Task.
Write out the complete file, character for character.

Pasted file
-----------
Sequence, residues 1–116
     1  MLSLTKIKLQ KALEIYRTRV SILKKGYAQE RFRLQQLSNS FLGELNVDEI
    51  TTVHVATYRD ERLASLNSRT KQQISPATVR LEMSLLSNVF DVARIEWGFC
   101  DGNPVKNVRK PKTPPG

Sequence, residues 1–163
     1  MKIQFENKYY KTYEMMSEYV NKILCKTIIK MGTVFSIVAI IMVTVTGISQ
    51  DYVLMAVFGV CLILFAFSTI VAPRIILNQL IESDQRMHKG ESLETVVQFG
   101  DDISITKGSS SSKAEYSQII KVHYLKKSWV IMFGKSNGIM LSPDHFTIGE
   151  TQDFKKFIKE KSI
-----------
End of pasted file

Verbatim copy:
Sequence, residues 1–116
     1  MLSLTKIKLQ KALEIYRTRV SILKKGYAQE RFRLQQLSNS FLGELNVDEI
    51  TTVHVATYRD ERLASLNSRT KQQISPATVR LEMSLLSNVF DVARIEWGFC
   101  DGNPVKNVRK PKTPPG

Sequence, residues 1–163
     1  MKIQFENKYY KTYEMMSEYV NKILCKTIIK MGTVFSIVAI IMVTVTGISQ
    51  DYVLMAVFGV CLILFAFSTI VAPRIILNQL IESDQRMHKG ESLETVVQFG
   101  DDISITKGSS SSKAEYSQII KVHYLKKSWV IMFGKSNGIM LSPDHFTIGE
   151  TQDFKKFIKE KSI